By late Friday, the government had received 22 written public comments about its after-the-fact disclosure of the program last month in the Federal Register, a fine-print compendium of federal rules. All either opposed it outright or objected to the lack of a direct means for people to correct any errors in the database about themselves.

"As a U.S. citizen who spends much time outside the U.S., I can understand the need for good security," wrote one who identified himself as Colin Edmunds. "However, just as I would not participate in a banking/credit card system where I have no recourse to correct or even view my personal data, I cannot accept the same of my government."

Privacy advocates also were alarmed.

"Never before in American history has our government gotten into the business of creating mass `risk assessment' ratings of its own citizens," said Barry Steinhardt, a lawyer for the

American Civil Liberties Union. "We are stunned" the program has been undertaken "with virtually no opportunity for the public to evaluate or comment on it."

The Homeland Security Department says the nation's ability to spot criminals and other security threats "would be critically impaired without access to this data."

And on Friday as the normal daily flow of a million or more people entered the United States by air, sea and land, the ATS program's computers continued their silent scrutiny. At that Virginia building with no sign, the managers of the National Targeting Center allowed an Associated Press photographer to briefly roam their work space.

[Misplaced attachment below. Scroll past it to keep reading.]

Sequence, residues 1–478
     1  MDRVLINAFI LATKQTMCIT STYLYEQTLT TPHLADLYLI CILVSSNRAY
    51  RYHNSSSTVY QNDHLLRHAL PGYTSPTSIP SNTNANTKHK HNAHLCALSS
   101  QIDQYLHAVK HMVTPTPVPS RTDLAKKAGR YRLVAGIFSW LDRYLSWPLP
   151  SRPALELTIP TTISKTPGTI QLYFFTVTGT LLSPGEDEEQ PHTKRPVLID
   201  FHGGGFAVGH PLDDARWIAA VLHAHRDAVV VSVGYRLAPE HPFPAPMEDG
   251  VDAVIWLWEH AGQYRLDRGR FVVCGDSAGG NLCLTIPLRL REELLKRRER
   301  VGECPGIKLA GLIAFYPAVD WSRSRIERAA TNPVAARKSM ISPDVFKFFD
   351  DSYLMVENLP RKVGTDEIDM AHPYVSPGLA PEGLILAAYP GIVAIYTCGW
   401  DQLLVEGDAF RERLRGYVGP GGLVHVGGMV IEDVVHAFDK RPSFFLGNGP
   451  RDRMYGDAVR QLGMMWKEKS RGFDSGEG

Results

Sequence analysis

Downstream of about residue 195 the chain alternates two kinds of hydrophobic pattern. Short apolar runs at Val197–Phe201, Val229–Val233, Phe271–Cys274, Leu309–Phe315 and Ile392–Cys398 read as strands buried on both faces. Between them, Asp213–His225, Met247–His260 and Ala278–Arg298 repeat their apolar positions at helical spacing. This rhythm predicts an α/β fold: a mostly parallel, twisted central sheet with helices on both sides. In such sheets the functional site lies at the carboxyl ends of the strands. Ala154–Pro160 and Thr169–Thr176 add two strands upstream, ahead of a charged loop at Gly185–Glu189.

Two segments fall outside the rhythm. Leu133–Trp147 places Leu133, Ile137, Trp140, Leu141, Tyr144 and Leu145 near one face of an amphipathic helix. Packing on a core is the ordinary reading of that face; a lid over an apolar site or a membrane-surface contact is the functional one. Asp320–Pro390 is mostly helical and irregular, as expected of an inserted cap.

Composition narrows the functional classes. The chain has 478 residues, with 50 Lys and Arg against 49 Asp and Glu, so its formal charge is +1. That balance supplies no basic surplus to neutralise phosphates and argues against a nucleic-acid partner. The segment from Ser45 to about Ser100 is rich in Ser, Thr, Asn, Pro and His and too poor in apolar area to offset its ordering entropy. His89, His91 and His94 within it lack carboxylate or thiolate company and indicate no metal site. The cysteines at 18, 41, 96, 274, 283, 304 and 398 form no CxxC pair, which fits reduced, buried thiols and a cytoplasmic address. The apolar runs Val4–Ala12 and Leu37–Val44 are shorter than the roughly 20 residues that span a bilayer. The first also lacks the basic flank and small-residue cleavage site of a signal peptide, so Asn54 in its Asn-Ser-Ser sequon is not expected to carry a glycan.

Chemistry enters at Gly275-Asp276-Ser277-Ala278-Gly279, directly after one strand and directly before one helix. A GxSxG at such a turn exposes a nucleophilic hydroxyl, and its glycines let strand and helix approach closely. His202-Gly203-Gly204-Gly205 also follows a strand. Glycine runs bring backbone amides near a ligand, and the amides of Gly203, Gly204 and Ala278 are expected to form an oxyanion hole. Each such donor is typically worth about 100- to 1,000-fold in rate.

But he couldn't reveal the building's exact location. None of the dozens of workers under the bright fluorescent lights could be named. Some could not be photographed. The only clue he might have entered a government building was a montage of photos in the reception area of President Bush's visit to the center. But there was only one guard and a sign-in book. Inside, red digital clocks on the walls showed the time in Istanbul, Baghdad, Islamabad, Bangkok, Singapore, Tokyo, and Sydney. Although billboard-size video screens on the walls showed multiple cable news shows, there was little noise in the basketball-court-sized main workroom. Each desk had dual computer screens and earphones to hear the video soundtrack. Conferences were held in smaller workrooms divided by glass walls from the windowless main room.
Round the clock, the targeters from Homeland Security's Customs and Border Protection agency analyze information from multiple sources, not just ATS. They compare names to terrorist watch lists and mine the Treasury Enforcement Communications System and other automated systems that bring data about cargo, travelers and commercial workers entering or leaving the 317 U.S. ports, searching for suspicious people and cargo.

Almost every person entering and leaving the United States by air, sea or land is assessed based on ATS' analysis of their travel records and other data, including items such as where they are from, how they paid for tickets, their motor vehicle records, past one-way travel, seating preference and what kind of meal they ordered.